While social media continues to evolve every day, there’s one trend that’s here to stay: pet influencers. You know ’em, you love ’em, you’ve likely thought about buying a T-shirt with their furry faces on it.
Indeed, there are now tons of renowned, four-paw social media stars, like Noodle the pug, whose daily TikToks tell us whether it’s a “bones day” or a “no bones day” (i.e., whether it’s going to be a productive or lazy day), the late Grumpy Cat (RIP), who many millennials will recognize from those early meme days, and so many other adorable furry friends that have broken into the internet spotlight.
And with this spotlight comes money, honey. Pet influencers can earn their pawrents a living in many ways—though it’s not as simple as posting a cute photo of your cat, dog or hamster every now and again.
How to Achieve Pet Influencer Status
To turn your pet into the next household name, you’ll likely need to go beyond just creating a funny video or two. Communicating your pet’s persona and delivering it to the ’Gram or TikTok is essential. In other words, so many people have a corgi; what makes your girl special?
Think about what will help your pet stand out in a sea of pets that are all vying for our attention. Cook up a name for the brand—if it’s not just your pet’s name—and think about how to leverage their cuteness and quirks.
For example, let’s take a look at the playful and curious black cat, Manny the Halloween Cat, who has over 50,000 followers on Instagram. Nikki Hess, Manny’s mom and founder of Cat Lady Academy—a coaching site to help get your pet closer to internet stardom—says that to become a pet influencer, you need to post consistent and relevant content. Aside from that, it’s all about good old-fashioned digital networking.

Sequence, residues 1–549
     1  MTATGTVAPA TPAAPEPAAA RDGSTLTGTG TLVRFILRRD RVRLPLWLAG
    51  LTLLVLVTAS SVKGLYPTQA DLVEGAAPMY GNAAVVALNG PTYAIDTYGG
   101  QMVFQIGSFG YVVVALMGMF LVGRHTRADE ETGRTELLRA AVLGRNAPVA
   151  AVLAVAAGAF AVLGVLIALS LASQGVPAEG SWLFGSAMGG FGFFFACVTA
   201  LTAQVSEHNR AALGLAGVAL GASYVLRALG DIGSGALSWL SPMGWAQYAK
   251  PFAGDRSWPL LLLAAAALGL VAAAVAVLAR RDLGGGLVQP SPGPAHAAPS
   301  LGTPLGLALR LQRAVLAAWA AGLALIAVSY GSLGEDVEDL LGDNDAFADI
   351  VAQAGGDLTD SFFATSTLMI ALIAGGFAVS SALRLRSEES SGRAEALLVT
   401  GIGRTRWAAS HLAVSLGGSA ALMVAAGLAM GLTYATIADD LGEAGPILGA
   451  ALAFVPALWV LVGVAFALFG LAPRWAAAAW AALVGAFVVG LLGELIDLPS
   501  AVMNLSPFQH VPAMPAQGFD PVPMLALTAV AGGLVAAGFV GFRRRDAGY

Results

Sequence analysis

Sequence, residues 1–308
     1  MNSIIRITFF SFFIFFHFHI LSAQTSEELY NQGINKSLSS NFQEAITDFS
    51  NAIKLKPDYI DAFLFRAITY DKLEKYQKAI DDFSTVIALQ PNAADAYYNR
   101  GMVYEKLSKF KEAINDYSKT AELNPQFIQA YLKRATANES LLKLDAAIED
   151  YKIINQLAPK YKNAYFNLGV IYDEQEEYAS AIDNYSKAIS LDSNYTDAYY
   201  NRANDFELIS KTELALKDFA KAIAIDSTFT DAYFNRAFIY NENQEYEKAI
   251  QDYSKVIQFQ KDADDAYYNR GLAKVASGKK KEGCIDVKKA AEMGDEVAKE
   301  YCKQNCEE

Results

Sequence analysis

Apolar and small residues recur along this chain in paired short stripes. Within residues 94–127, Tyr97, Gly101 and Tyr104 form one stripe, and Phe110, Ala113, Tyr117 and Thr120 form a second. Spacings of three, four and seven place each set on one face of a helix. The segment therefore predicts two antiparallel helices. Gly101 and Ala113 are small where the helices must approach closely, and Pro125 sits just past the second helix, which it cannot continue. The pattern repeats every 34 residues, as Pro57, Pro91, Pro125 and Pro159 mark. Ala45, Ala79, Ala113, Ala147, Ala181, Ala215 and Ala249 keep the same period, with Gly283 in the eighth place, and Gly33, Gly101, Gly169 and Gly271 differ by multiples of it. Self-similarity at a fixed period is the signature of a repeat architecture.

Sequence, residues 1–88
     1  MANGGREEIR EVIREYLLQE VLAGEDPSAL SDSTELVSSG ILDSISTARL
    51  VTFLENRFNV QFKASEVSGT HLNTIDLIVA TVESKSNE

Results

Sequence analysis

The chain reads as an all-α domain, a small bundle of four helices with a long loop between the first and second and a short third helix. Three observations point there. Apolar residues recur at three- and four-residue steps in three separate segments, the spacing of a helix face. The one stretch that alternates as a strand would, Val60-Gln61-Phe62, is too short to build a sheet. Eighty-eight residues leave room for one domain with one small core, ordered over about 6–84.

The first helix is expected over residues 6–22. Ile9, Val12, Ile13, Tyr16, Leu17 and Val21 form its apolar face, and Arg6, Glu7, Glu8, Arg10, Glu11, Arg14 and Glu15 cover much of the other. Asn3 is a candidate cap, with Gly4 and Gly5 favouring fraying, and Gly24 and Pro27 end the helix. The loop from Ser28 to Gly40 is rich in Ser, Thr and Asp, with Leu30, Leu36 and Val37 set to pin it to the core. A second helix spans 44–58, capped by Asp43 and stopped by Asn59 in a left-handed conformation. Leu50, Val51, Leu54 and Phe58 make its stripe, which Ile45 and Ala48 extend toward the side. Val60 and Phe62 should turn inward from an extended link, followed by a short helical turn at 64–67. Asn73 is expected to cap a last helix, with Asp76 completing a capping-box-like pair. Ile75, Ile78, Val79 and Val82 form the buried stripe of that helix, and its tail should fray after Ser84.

“Be friendly, humble and professional,” Hess says. “Engage with other accounts and your favorite brands by commenting on, following and liking their content. To grow followers, create content that people will enjoy and want to see more of, and present yourself as someone who people will want to engage with. After you establish a solid following and a steady cadence of posts, brands will be more likely to become interested in working with you.”
How Do Pet Influencers Make Money?
If you’re a pet owner, you know there are many costs associated with pet ownership—from food and toys to leashes and litter. So wouldn’t it be nice if your pet could actually contribute to these expenses too? Well, pet influencers can make their parents money in a variety of ways, directly or indirectly.
“I earn money by selling Manny-branded merch and through the Instagram Reels bonus program,” Hess says. This program allows creators to monetize their videos on Reels and get paid based on the number of views. “I also earn through Cameo, where I do personalized videos for Manny’s fans. But our biggest source of Manny-related income comes from paid brand partnerships on social media.”
Hess emphasizes that creating a pet influencer is a long game, not an overnight deal. But getting partnerships can happen sooner than you think. Manny got a brand partnership with just 3,000 followers. Reach out to brands as soon as you feel you have a strong enough following. You never know who will bite.